Nikon D300S In-depth Review
Conclusion - Pros
- Highly competitive image quality at all ISO settings
- Excellent high ISO performance with low noise and good levels of detail
- Highly configurable Auto ISO function (can set maximum ISO and minimum shutter speed)
- 7 frames per second continuous shooting speed (8 with battery grip)
- Makes good use of its dual media card slots
- Sophisticated AF system with effective subject tracking
- Excellent build quality with magnesium body and environmental sealing
- Good ergonomics, well shaped and comfortable hand grip
- Well-placed and configurable buttons
- Menu is well organized and quick to use despite its size and the camera's complexity
- Large and bright viewfinder with 100% coverage
- (Relatively) quick contrast detect AF in live view
- Good quality 720p video output
- Easy switch between stills mode, movie mode and live view
- Contrast detection available in movie mode
- External microphone socket
- Useful Active D-Lighting feature protects highlights as well as boosting shadows
- Reliable flash exposures
- Comprehensive wireless flash control
- Wide range of accessories (WiFi, Battery Grip, GPS)
- Good battery life
- Sophisticated interval timer feature
- Comprehensive software bundle
- Built-in AF assist lamp
Conclusion - Cons
- Unreliable white balance under artificial lighting
- Slight tendency to overexpose in contrasty conditions
- Rolling shutter effect when shooting video
- Occasional 'grain' in blue skies, even at base ISO
- Contrast detection AF is slow (as it is on all DSLRs)
- Internal microphone readily records lens noise
- No liveview histogram
The D300S isn't nearly as significant a step forward for Nikon as the D300 was but that in part is a testament to how good the D300 was. When we reviewed it, Phil stressed how difficult he'd found it to find things to criticize so it's not surprising that Nikon has found it hard to know what to improve. But there are improvements and ones that will be welcomed by certain sections of the photographic community. The ability to shoot movies, although seemingly gimmicky, does appear to be a benefit both in terms of creative options and commercial potential, so shouldn't be dismissed. The addition of a second card slot and the useful ways in which it can be used also considerably increase the flexibility of the camera.
With a 12 megapixel sensor, it would be easy to think of the D300S as being a touch out-of-date. However, that would be to miss the point, as the difference between 18 megapixels and 12 (20% in each direction), is only of value in certain specific circumstance, especially when you're talking about 12 very well captured and processed megapixels. And that's what you get with the D300S - dependable, quality images which it's very hard to find fault with. The JPEGs may be a little softer than we'd choose but they respond well to the sharpening being pushed up a notch, so it's just a matter of tuning them to suit your purposes. Processing from raw brings even better results.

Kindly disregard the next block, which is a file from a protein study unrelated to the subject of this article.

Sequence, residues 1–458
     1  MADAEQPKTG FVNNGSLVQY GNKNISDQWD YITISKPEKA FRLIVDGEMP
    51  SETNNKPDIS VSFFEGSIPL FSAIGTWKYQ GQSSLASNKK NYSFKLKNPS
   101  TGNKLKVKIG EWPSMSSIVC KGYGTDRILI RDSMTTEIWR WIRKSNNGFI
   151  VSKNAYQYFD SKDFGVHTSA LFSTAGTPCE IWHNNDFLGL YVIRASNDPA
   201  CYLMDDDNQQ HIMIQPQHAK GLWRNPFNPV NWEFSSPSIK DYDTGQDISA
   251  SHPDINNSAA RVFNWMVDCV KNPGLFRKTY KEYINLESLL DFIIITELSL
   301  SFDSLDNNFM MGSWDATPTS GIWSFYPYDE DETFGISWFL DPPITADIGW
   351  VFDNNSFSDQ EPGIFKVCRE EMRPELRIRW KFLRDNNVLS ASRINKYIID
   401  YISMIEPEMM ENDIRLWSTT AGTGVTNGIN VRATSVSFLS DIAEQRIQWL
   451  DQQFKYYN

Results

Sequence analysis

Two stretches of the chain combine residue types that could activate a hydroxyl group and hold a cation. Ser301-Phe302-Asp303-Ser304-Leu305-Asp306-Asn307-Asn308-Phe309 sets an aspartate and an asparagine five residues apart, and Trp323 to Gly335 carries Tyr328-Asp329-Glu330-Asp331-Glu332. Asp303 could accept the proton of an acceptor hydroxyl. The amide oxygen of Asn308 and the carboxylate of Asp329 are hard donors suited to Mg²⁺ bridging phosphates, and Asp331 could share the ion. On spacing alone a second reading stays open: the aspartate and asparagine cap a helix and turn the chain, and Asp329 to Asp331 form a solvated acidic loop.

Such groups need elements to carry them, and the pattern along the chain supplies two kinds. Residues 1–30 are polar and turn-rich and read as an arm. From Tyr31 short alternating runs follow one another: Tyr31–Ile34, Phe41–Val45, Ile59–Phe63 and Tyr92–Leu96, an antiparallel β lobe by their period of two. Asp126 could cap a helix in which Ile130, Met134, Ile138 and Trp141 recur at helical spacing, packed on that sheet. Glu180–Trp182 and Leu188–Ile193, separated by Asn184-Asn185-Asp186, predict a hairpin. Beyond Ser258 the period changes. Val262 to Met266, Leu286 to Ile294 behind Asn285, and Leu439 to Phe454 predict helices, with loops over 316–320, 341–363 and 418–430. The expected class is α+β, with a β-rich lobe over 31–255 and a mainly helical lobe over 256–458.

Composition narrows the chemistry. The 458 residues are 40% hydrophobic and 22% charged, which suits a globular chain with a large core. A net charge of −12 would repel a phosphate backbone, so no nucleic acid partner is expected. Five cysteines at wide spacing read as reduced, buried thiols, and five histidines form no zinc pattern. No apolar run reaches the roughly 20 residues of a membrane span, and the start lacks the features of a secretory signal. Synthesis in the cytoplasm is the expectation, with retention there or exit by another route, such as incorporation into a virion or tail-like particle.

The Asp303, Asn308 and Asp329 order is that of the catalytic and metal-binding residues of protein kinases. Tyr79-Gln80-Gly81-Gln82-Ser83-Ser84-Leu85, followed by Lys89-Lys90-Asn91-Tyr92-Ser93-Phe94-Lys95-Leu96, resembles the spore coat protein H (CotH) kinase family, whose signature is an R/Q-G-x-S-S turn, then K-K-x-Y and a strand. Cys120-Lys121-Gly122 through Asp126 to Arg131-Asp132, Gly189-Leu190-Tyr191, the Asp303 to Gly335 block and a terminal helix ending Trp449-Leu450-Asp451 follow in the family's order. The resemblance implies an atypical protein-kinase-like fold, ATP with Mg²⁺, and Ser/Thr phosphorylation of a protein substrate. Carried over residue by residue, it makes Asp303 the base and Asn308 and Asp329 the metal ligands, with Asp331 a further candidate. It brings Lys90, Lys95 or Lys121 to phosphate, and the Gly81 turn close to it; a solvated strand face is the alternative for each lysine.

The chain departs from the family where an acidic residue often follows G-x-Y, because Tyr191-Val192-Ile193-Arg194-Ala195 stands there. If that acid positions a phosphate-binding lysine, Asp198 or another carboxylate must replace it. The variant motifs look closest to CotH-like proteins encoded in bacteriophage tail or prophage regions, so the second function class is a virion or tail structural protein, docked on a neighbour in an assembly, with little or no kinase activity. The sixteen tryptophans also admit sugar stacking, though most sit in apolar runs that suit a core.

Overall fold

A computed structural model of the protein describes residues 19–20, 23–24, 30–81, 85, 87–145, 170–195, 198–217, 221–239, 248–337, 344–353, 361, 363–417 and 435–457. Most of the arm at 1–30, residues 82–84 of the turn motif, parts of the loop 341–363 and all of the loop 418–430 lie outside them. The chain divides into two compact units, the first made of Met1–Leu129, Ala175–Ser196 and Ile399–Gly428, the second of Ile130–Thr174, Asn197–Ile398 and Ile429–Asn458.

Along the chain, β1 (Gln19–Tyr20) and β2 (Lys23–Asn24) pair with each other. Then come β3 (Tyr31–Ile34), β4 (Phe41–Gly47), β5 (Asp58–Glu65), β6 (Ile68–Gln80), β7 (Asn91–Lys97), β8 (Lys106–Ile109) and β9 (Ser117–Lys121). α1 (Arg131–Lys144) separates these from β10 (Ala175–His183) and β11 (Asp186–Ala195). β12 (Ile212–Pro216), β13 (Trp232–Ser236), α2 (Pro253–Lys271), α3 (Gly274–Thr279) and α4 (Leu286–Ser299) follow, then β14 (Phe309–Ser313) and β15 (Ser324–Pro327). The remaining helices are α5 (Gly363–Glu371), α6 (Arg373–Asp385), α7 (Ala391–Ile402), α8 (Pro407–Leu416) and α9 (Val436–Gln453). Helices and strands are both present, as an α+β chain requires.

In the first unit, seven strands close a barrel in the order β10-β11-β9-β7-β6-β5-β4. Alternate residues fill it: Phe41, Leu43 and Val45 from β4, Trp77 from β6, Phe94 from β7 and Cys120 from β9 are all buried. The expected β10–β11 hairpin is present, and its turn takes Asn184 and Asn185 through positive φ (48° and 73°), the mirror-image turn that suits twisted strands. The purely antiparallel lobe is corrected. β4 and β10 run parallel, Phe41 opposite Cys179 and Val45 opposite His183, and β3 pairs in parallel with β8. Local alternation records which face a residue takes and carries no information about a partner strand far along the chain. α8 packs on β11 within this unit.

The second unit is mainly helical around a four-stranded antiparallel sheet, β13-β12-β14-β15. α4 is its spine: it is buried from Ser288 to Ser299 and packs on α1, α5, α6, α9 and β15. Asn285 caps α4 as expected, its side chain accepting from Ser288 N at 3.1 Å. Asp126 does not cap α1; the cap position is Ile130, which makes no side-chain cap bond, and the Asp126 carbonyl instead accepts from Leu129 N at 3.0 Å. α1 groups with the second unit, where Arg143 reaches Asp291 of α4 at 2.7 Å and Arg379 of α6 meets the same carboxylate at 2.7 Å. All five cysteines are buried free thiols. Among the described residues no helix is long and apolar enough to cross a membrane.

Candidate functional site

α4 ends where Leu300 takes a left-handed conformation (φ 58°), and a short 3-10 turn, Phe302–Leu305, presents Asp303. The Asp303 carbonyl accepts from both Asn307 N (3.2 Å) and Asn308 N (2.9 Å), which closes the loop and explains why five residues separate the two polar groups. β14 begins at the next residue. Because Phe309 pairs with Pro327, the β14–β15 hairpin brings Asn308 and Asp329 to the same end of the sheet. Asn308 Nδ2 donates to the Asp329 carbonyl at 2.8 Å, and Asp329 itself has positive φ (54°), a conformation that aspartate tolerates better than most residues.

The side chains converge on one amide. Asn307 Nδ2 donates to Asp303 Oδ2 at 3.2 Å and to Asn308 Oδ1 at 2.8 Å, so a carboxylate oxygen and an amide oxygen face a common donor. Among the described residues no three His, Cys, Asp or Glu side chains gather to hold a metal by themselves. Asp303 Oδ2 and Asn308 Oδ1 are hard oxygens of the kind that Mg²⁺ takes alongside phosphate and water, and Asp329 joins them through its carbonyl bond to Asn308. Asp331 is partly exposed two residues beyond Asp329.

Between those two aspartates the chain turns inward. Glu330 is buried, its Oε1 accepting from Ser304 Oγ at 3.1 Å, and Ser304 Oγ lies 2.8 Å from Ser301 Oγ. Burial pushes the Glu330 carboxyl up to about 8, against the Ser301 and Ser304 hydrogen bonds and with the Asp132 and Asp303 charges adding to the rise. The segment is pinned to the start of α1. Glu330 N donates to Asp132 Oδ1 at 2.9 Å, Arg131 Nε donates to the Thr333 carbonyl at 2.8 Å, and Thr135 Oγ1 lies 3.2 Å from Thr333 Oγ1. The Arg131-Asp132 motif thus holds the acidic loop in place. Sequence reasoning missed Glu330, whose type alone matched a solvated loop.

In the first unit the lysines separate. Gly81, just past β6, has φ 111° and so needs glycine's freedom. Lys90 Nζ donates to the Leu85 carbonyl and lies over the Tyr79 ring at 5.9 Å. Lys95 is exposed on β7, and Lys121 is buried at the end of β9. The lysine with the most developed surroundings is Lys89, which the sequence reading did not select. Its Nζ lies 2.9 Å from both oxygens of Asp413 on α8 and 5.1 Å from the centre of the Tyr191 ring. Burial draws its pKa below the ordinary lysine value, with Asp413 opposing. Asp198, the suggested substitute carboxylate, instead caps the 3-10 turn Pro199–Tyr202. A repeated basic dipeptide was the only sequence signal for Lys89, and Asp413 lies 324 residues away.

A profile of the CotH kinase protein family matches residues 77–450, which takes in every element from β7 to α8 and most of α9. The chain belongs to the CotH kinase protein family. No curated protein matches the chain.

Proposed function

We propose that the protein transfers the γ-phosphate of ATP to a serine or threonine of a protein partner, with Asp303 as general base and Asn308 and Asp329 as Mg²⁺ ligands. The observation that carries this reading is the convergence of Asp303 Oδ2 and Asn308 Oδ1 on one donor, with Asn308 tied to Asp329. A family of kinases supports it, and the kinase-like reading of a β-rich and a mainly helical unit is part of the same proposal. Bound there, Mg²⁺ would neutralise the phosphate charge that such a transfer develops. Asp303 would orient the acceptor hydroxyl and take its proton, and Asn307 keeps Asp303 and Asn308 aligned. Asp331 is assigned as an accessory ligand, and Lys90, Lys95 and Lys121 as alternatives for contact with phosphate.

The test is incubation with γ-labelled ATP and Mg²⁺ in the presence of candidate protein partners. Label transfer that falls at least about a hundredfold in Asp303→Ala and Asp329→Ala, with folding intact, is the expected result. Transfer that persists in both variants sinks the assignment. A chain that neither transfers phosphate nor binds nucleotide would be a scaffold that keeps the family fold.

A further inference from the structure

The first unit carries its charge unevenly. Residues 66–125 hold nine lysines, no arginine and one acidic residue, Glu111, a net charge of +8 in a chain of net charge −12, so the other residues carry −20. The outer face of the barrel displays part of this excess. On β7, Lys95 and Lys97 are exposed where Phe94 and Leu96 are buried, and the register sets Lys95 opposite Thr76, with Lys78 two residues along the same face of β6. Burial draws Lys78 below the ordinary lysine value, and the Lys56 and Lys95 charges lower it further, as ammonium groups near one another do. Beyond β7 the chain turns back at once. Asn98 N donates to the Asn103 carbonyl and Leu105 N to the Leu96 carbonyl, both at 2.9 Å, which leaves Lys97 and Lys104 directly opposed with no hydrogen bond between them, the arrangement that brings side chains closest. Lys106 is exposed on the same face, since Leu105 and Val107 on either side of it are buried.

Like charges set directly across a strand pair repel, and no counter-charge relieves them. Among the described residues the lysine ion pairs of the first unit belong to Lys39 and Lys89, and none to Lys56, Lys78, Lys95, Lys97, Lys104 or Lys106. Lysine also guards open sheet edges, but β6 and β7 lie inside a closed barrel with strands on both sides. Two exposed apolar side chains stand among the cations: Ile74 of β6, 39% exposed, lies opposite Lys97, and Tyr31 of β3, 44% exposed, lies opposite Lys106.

Handling is one of the places that the D300S really shines - both its ergonomics and build quality are first class. Although it's easy to initially be intimidated by the sheer number of external controls, you soon become familiar with them and find yourself glad of them. Then, thanks to the high level of customization, you can add other features you want direct access to onto the user-definable function buttons on the front of the camera. Furthermore, if you're unfamiliar with the Nikon way of working (dials and indicators all have positive on the left and negative on the right), the behavior of both can be switched so that it more close resembles the cameras you're used to.
Although the button changes over the D300 are subtle, they make a surprising difference, not least in terms of making access to video really straightforward. There isn't universal agreement here about the positioning of the buttons on the camera's left shoulder (White Balance, ISO and Image Quality), but that's about the only point of contention, despite us all being familiar with different brands.
The final word
The D300S is not the standout product that its predecessor was and unless you find your clients are clamoring for video footage, we can't see much need for existing owners to upgrade. But that shouldn't take away from an absolutely excellent product - a gently polished and refined update of a product that we considered a benchmark when it was released. The EOS 7D may prevent anyone with a foot in the Canon camp from contemplating defection but unless you desperately need that camera's higher resolution, it's hard to overlook the appeal of the Nikon.
Category: Semi-professional Interchangeable Lens Camera / DSLR
Ergonomics & handling
Metering & focus accuracy
Image quality (raw)
Image quality (jpeg)
Low light / high ISO performance
Viewfinder / screen rating
Movie / video mode
A relatively minor upgrade to one of the defining cameras of the semi-pro sector adds a useful HD video mode and a wealth of minor improvements that improve the already excellent handling. Although the D300S has stronger competition than its predecessor, it still manages to impress, as do the images it produces.
Original Rating (November 2009): Highly Recommended
Click here to learn about the changes to our scoring system and what these numbers mean
- 17 Photographic tests (DR)
- 18 Photographic tests
- 19 Movie Mode
- 20 Compared to
- 21 Compared to (JPEG)
- 22 Compared to (JPEG)
- 23 Compared to (JPEG)
- 24 Compared to (RAW)
- 25 Compared to (RAW)
- 26 Compared to (RAW)
- 27 Compared to (Higher ISO)
- 28 Compared to (Resolution)
- 29 Compared to (Resolution)
- 30 Conclusion
- 31 Samples
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